The ruling has introduced what lawyers describe as a “serious loophole” into adjudication, because it suggests that a losing party may be able to suspend payment to the winner if it can show that the winner may be unable to repay if it lost at subsequent arbitration or litigation proceedings.
This new defence is the outcome of a judgment by Mr Justice Dyson relating to an adjudication between Herschel Engineering and Breen Property at the end of last week.
Herschel was seeking payment of £18 000 from Breen for work it carried out on a scheme in London. Breen suggested during the hearing that Herschel’s financial difficulties may prevent it from repaying.
Although Dyson enforced the adjudication, he said that companies in financial difficulties should not receive adjudication awards if the losing party wishes to move to a resolution in the courts. Dyson said: “If there was a real doubt as to the claimant’s ability to repay if it loses in the county court, I would probably have granted a stay of execution.” He stressed that there was no evidence that Herschel was in financial difficulties.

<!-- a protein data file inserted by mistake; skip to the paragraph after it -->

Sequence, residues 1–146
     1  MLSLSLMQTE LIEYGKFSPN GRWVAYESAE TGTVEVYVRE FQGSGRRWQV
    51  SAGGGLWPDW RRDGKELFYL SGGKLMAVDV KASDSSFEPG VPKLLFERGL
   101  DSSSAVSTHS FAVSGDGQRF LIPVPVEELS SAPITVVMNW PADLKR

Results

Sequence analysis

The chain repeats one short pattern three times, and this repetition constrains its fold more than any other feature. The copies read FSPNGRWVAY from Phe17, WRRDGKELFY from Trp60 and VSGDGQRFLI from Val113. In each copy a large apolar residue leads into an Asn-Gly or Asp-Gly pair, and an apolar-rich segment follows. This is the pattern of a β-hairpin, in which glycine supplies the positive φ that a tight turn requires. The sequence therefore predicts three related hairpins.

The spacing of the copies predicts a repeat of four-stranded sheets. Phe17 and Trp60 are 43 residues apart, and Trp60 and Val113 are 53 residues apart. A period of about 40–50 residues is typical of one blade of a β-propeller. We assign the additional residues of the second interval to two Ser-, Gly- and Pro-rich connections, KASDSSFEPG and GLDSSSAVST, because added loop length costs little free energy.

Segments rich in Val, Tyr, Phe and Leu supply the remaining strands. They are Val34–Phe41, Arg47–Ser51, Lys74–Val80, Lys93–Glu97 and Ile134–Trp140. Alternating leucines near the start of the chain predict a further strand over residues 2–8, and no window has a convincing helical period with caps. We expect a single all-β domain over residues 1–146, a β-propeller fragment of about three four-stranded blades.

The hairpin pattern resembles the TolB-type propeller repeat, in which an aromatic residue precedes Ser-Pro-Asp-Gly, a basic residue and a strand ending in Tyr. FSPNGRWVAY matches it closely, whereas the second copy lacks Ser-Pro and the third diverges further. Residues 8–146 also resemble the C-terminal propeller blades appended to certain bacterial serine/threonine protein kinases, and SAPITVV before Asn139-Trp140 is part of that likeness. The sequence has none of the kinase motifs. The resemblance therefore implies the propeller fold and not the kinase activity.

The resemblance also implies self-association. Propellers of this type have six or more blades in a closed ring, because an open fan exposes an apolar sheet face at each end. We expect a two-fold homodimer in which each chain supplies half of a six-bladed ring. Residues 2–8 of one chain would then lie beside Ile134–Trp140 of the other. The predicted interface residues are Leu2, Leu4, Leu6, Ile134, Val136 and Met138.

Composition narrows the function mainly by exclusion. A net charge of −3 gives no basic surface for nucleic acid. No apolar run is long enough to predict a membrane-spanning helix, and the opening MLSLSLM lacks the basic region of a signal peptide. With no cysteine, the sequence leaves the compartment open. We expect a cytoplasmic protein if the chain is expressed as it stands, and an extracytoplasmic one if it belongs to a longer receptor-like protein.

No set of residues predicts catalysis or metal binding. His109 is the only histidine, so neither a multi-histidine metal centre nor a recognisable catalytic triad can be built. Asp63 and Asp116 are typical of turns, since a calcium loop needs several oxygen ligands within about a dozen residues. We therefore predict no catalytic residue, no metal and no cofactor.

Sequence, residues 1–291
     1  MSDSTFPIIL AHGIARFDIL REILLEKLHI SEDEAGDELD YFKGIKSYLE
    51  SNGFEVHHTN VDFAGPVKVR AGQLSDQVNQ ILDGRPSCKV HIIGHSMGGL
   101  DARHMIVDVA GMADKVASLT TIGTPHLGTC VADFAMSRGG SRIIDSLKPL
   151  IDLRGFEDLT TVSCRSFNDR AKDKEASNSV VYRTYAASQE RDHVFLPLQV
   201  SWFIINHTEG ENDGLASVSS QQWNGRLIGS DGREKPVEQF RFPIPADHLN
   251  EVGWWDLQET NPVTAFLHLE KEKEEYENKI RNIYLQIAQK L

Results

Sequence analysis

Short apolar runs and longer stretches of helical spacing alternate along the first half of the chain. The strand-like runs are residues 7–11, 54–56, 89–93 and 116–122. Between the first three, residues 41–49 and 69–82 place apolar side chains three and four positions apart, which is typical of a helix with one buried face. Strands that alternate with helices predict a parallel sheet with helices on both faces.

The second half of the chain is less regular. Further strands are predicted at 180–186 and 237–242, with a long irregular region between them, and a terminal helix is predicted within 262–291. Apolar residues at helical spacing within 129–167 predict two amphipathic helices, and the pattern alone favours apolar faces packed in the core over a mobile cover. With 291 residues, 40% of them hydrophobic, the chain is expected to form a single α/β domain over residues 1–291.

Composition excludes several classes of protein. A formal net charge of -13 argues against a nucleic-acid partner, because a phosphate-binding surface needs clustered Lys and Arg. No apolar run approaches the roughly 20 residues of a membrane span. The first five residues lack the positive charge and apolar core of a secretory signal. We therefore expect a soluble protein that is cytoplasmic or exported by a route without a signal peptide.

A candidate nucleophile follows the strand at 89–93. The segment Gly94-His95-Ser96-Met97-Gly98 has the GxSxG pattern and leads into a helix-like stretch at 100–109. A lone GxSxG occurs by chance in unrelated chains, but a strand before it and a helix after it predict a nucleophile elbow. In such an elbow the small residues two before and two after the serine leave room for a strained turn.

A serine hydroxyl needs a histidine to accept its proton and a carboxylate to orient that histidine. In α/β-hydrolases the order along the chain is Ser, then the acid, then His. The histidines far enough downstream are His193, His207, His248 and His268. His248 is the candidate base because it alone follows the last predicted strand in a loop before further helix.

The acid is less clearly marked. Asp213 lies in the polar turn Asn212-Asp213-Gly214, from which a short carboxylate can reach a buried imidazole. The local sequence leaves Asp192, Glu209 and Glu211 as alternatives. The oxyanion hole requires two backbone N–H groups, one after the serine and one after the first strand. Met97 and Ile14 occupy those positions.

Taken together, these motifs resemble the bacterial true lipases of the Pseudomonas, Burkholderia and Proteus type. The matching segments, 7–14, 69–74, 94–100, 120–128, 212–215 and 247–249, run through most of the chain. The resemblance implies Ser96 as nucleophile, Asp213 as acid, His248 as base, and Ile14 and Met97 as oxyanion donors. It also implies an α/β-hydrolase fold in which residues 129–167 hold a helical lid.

Simon Tolson, partner at solicitor Fenwick Elliott, who acted for Herschel, said the case could set a dangerous precedent. He said: “It’s potentially disturbing. It could have a stifling effect on small contractors going to adjudication. Main contractors will also try to exploit this new defence.”
It’s potentially disturbing. Main contractors will try to exploit this defence
Simon Tolson, Partner Fenwick Elliott
Tolson said the ruling went against the letter of the law behind the adjudication process. He said: “My understanding is that the court is there to enforce such judgments.”
Tolson’s worries were backed by Specialist Engineering Contractors Group chief executive Rudi Klein. He said: “It gives some hope to those who simply do not want to pay. There is a possibility opening up for them. It’s worrying.”
Tolson said he thought the move could be in response to a case last year between contractor Bouygues and M&E firm Dahl-Jensen.
Bouygues was ordered to pay £207 741 to Dahl-Jensen, which then folded its UK operations. Bouygues is now taking the case to the Court of Appeal because it has no chance of recouping its money.
Tolson said: “Maybe the judges are slightly nervous they will get a rap on the knuckles by the appeal court.”